Arlan D. Lewis: No, you know, obviously my connection came through my background.
DeMario Thornton: Right.
Arlan D. Lewis: And I do think it is appreciated by other lawyers as well as my clients. So like, okay, this guy is an architect or if you’ve got a background in construction, you served as a project manager or something like that, that’s very helpful, but it is certainly not necessary. I would say that a majority of construction lawyers that I know came from backgrounds that were completely unrelated to that.
And in fact, some of the absolute best construction lawyers that I’ve dealt with, they’ve been English majors, history major, it’s not absolutely necessary because you will learn what you need to know as you practice. Don’t shy away from construction.
DeMario Thornton: Yeah, don’t shy away. All right, so this is the final question. Now, this is where the lights come down. Who wants to be a millionaire? Who wants to be a construction attorney? What do you wish you had have known while you’re in law school to increase your chances or to help you today?
Arlan D. Lewis: I guess I could phrase it in terms of what I wish I had known or maybe it’s easier, more easily translated in what I wish I had done more of and been aware of and this is not just related to construction law. I think this could apply to any segment of law that someone is considering. I guess I wish I had realized how important it was to maintain and foster the relationships with your classmates in law school.
Because what you’ll find is once you leave law school, everybody goes their separate ways, everybody does their thing. But even though your classmates maybe going to different law firms today. 10 years from now, 15 years from now, they may be in a general counsel role at an industry that seems completely unrelated to, what they said they were going to do in terms of where they go to practice law.
And if you maintain those relationships, you never know how that’s going to come back around and be a value to both you or you to them. And so, I wish I had taken more time and made more of an effort to develop more relationships with my classmates.
I mean, obviously there are plenty that I did maintain and that I maintain today but had I known then what I know now. I would have been more strategic and when I say strategic, I mean just reaching out and taking the time and making the effort to know more of my classmates.
DeMario Thornton: Do you think it helps a little bit that we have social media now and you can just like, send people like just stay abreast on their lives?
Arlan D. Lewis: Yes, that certainly is helpful but I would encourage you to develop personal relationships. Because nowadays, the thing about social media is well, it’s easy for anyone to reach out. So let’s say one of your classmates ends up as the general counsel of a major construction company 10 years down the road, maybe you passed him in the hall couple of times in law school, but you didn’t really develop a relationship with them.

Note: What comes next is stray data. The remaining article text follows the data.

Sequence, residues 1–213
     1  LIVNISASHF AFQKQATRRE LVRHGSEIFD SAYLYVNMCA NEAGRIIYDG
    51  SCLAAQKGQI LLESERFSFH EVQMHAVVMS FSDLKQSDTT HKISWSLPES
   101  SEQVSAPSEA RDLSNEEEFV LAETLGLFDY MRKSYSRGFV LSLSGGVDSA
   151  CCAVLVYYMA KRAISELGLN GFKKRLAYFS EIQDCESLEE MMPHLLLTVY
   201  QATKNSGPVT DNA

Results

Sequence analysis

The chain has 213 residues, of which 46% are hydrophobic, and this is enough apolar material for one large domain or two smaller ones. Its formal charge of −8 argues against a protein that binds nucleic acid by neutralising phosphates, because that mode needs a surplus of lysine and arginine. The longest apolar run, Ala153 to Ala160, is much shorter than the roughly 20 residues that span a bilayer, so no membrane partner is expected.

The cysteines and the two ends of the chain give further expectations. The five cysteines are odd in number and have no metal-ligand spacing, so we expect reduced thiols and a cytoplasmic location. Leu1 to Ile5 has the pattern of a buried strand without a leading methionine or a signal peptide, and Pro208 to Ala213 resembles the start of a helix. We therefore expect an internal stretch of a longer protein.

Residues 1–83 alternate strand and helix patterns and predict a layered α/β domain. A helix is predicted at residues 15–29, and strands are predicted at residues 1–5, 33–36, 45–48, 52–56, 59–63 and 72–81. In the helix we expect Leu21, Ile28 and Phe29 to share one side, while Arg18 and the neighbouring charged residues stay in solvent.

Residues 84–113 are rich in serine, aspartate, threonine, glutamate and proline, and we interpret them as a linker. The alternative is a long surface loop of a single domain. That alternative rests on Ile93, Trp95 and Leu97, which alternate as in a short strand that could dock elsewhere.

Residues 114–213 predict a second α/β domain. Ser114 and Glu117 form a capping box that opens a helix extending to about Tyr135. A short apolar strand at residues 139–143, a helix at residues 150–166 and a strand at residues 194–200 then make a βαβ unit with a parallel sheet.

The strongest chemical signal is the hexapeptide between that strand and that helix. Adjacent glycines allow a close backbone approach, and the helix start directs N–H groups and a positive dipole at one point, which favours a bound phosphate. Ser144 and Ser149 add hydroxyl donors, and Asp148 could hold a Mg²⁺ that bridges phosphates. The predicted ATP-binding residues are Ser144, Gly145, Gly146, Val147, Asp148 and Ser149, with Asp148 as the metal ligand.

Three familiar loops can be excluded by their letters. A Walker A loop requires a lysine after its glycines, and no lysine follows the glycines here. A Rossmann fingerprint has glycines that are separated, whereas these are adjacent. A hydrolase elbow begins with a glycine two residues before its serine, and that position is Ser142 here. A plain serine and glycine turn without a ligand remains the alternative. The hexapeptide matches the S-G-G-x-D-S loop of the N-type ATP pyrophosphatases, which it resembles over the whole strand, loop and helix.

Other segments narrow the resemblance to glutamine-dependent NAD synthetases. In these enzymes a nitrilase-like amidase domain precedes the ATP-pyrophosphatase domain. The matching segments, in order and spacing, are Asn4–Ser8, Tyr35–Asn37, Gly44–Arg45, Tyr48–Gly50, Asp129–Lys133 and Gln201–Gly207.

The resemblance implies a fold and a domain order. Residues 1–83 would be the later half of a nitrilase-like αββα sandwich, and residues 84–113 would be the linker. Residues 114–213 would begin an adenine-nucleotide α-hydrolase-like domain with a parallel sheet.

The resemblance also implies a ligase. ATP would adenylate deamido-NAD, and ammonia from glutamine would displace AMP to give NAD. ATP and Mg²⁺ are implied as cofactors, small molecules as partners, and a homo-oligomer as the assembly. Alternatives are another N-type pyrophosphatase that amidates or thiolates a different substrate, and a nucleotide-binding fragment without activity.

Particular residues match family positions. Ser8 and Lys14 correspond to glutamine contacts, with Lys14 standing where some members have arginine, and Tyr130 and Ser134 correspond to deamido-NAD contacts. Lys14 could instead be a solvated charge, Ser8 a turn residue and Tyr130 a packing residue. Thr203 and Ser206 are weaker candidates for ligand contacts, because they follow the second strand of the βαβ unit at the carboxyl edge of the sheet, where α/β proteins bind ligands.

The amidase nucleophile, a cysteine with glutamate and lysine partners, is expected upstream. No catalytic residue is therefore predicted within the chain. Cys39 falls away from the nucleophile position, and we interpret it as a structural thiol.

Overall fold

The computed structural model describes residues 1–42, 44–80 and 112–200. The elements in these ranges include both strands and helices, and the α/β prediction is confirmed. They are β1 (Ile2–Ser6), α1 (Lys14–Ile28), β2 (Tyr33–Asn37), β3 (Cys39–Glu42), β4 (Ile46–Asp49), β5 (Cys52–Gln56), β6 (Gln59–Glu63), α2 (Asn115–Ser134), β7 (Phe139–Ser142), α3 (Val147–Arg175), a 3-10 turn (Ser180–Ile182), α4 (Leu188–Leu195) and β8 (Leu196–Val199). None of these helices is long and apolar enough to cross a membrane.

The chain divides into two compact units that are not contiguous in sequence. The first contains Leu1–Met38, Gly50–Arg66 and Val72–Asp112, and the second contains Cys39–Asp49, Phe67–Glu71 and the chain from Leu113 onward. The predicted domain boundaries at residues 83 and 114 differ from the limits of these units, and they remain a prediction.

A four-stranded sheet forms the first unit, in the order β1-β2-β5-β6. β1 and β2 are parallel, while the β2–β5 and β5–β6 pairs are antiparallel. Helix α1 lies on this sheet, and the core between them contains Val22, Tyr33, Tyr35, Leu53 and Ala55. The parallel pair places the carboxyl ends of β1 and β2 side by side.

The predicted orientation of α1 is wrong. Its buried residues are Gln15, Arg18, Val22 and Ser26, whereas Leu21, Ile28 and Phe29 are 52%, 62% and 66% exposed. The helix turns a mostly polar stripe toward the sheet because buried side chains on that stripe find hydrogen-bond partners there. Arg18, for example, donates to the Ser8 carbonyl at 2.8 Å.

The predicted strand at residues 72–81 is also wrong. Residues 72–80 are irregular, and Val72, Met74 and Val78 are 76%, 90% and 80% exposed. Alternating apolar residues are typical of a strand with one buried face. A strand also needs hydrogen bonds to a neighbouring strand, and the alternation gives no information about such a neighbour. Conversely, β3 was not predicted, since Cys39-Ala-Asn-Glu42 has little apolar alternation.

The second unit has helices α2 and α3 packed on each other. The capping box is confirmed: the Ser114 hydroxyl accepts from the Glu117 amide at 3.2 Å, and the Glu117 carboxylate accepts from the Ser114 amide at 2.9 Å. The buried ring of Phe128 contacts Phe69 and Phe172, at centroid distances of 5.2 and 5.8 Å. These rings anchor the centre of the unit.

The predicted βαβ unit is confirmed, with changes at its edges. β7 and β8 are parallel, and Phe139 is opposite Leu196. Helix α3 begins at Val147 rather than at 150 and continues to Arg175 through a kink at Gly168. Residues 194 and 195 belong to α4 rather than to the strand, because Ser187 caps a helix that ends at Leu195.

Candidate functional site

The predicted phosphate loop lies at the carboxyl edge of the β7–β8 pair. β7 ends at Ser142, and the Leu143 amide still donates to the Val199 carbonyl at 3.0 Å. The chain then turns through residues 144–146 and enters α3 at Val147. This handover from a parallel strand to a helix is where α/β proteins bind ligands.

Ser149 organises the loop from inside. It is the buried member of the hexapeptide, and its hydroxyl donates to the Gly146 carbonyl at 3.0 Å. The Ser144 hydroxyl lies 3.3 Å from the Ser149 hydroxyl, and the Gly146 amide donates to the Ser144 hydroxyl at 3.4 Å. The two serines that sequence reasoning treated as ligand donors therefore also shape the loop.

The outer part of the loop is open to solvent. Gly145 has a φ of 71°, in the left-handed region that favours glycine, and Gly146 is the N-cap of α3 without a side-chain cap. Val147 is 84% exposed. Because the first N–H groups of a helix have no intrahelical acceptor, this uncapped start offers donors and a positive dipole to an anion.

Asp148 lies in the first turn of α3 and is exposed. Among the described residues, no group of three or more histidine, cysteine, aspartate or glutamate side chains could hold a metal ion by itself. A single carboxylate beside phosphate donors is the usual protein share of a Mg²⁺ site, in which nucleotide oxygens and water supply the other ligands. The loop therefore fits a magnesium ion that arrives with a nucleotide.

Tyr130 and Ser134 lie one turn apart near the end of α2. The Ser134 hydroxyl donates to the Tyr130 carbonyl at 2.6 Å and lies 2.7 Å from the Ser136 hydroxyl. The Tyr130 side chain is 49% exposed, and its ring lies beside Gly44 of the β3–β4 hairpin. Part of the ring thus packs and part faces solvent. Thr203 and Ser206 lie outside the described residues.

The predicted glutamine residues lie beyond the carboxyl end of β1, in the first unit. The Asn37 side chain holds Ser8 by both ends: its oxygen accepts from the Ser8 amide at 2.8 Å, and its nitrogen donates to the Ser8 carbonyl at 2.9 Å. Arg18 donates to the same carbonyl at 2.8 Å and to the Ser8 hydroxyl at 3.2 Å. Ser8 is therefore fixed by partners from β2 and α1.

Well, if you’re a construction lawyer and you see that they’re at this construction company and now you reach out via social media, it sends a certain message, not necessarily a bad message but it’s one thing. It’s another thing if you know that person have developed a relationship with them aside from their current status, it’s just a different dynamic.
DeMario Thornton: Got you. So, ladies and gentlemen, you’ve heard it here first. Upon graduation date, don’t cut the people off just because you’re tired of being in class with them, okay. So Mr. Lewis, I want to thank you so much, you’ve really given some gems and I’m going to take some of these things. I’m going to share it, there are people that are listening they’re going to take these. If they want to reach out to you, where can they find you?
Arlan D. Lewis: Sure. The best way to reach me is by email and that’s [email protected]. I will say this just because you send an email doesn’t mean I’ve seen it. It doesn’t mean I’m ready to respond to it. So give me a little time. But if you tell me that this is how you came to hear of me, I’ll certainly be glad to reach back out to you.
The other thing, I would encourage anyone to do who may be interested in construction law is to, one, join the Law Student Division of the ABA. I think it’s free and look for the Forum on Construction Law. I don’t recall exactly, but I think membership there for young lawyers is either free or severely –
DeMario Thornton: 25, I think.
Arlan D. Lewis: Okay. Yes, that’s extremely low. That is a — that organization is a wealth of knowledge. It is the place where I outside of the practice group, that’s where I acquired the most valuable knowledge of construction law generally.
DeMario Thornton: Got you. Got you. Well, thank you so much for joining me today. This has been an excellent conversation and thank you again.
Arlan D. Lewis: Well DeMario, thank you, and I hope that you will look me up when you get to Birmingham.
DeMario Thornton: I definitely will.
Arlan D. Lewis: I’ll look forward to staying in touch with you.
DeMario Thornton: No problem. Say fun, fun on you.
Arlan D. Lewis: Sounds good. All right thanks DeMario.